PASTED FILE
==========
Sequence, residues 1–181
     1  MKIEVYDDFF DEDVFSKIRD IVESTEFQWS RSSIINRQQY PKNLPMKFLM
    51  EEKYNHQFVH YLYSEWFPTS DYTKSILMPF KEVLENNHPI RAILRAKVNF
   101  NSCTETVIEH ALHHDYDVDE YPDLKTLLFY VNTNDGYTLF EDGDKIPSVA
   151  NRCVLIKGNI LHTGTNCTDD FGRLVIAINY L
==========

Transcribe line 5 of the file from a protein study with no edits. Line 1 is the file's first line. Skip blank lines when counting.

   151  NRCVLIKGNI LHTGTNCTDD FGRLVIAINY L